Imagine working at a company where the boss has traveled to another country to conduct business. He was unsure of the duration of this particular trip, so there is no designated coming back date. The person he left in charge seemed reliable enough. You know, when the boss was around and keeping track. But this time, as soon as the boss was gone, this left in charge person experiences a power trip that leaves the employees in quite a lot of trouble. They need this job. Their pay is being withheld; their lunch break disappears; their safety is in jeopardy. And we are not talking Alex Trebec here. When the boss does come back, do you hope the left in charge person experiences consequences? Or, do you hope the boss pats them on the back and says, “Look at you; being all true to yourself and becoming a happy soul”? I would be shouting, “Consequence it up!” Consequences are important. Without them, people tend to run amuck. Crazed elephant run amuck. People are getting trampled and hurt run amuck.

              Luke 12:41-48 is the third and possibly the fourth parable on donning your ready clothes. It begins with asking Jesus, “Lord, are you addressing this parable to us, or to everyone as well?” At this point, many will try to figure out which parable he is talking about. The nearest antecedent is the man who is prepared against thievery. But this is the same message with a different view or emphasis. Peter is asking who needs to be prepared? Who gets to sit at the banquet of God? Who needs to prepare themselves against possible loss? And which “us” is Peter talking about? The Twelve, which seems to be the most common suggestion, or all disciples? I think the twelve fits Jesus’ answer better.

              Jesus responds with a question of his own. And this is just like Jesus, isn’t it? Who is the faithful and wise steward? Notice we have shifted from slave to steward. Was Peter thinking about how they have more responsibility; more blessing? What makes someone who is put in charge of the whole house faithful, reliable, and wise – able to make good decisions in the chaos of home life? Who will be responsible enough to make sure that the other servants are properly cared for? The person who is ready to serve at all times; the one who is already taking care of the others. This is the person who be put in charge of everything; the steward. On the other hand, if the one in charge takes advantage of the master’s absence and his position by striking the other slaves and neglecting them, there will be some consequences. The master is coming home and will not announce his arrival.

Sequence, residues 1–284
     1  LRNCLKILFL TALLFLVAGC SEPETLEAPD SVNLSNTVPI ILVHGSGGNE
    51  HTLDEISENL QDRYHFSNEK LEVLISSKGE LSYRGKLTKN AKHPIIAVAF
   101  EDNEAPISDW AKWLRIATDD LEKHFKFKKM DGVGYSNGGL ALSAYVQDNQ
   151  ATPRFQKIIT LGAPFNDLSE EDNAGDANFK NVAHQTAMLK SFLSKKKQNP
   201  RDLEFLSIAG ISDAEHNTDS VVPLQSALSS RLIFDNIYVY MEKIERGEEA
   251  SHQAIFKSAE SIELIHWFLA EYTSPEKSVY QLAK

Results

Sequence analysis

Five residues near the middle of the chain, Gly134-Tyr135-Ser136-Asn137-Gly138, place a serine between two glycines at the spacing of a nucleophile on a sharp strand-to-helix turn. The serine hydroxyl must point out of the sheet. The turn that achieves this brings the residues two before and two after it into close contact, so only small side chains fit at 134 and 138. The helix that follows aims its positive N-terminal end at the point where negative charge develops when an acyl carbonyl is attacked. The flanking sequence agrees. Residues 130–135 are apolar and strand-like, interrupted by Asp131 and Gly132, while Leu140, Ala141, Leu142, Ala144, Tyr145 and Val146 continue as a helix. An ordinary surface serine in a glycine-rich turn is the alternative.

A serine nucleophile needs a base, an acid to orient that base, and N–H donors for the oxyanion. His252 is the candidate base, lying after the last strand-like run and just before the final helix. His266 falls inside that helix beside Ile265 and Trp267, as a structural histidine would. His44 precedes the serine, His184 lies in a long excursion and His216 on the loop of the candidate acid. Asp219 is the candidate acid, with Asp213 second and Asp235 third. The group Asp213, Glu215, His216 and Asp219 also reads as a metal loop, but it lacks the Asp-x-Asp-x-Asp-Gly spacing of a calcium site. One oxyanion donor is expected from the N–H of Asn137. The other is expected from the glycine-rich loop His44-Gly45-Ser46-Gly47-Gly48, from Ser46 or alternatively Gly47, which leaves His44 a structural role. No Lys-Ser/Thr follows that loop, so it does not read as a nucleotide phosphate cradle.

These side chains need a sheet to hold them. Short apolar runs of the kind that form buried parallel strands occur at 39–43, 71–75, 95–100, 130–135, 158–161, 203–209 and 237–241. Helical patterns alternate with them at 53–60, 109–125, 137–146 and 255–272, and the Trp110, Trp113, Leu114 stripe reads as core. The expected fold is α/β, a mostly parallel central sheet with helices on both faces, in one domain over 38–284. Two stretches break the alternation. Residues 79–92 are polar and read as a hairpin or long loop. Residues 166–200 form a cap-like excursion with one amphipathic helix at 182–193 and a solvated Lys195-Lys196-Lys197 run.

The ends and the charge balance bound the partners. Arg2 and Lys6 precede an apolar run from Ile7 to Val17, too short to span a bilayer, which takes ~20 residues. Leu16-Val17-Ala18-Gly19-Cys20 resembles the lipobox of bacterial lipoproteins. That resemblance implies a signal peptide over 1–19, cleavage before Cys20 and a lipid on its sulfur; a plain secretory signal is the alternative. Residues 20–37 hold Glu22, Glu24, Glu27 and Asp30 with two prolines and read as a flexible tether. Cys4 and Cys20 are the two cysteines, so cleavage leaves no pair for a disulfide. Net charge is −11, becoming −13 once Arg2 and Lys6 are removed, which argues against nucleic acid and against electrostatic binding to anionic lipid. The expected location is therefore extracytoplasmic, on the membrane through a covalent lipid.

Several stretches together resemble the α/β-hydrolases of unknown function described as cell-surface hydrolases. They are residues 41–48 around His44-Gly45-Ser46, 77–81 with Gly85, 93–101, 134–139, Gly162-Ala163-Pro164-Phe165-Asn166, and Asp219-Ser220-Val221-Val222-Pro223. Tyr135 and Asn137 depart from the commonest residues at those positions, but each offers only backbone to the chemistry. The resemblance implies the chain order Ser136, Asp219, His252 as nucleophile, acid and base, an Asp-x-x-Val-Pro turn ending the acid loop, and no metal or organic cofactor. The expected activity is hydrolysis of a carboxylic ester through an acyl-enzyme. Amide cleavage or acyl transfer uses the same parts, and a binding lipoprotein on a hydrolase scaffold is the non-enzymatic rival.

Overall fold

And the caught unaware, taking advantage servant, will be severely punished. And the punishment is so severe that many have changed it or said that it must mean something else. The master will cut him in two and assign him a place with the unbelievers. For the Jewish people, unbelief was the greatest sin because all other sins spring out of unbelief. So, the offending servant is cut in two (there really isn’t a better translation) and then placed with unbelievers. I’m thinking if you are cut in two, you probably won’t care where you are placed at that point. Being cut in two was a punishment reserved for the worst offenses. Legend has it that King Manasseh cut Isaiah in two. Being assigned to the place of unbelievers was like begin relegated to being the same as a Gentile. The worst possible outcome physically and spiritually. Maybe the point is not to take this literally. It is a parable after all. The point is that this is the heaviest of consequences reserved for the worst of offenses.

              Verses 47-48 may be another parable, but it seems more likely a commentary on the parable just told. If you know the masters will and are not ready to act, there will be consequences. Even if you don’t know the masters will and fail to be ready and to act, you will receive consequences, but they will not be as bad. This has caused a lot of discussion. And rightfully so. It is important to note that in this scenario, we are talking about servants. I don’t think this parable deals with those outside of the household at all. Some servants are going to be aware of the master’s wishes more than others. This is about responsibility more than honor. The more you know, the more you are intended to respond appropriately. Even if you don’t know, you should spend some time finding out. There be consequences either way. And here is the thing: Jesus taught this parable. This is important because some think the message of Jesus is to live your life and be happy. Nope! It is be ready to serve the master at all times. Be faithful and wise and ready. And the more you serve, the more you will be asked to serve; to take care of others. Grace and peace.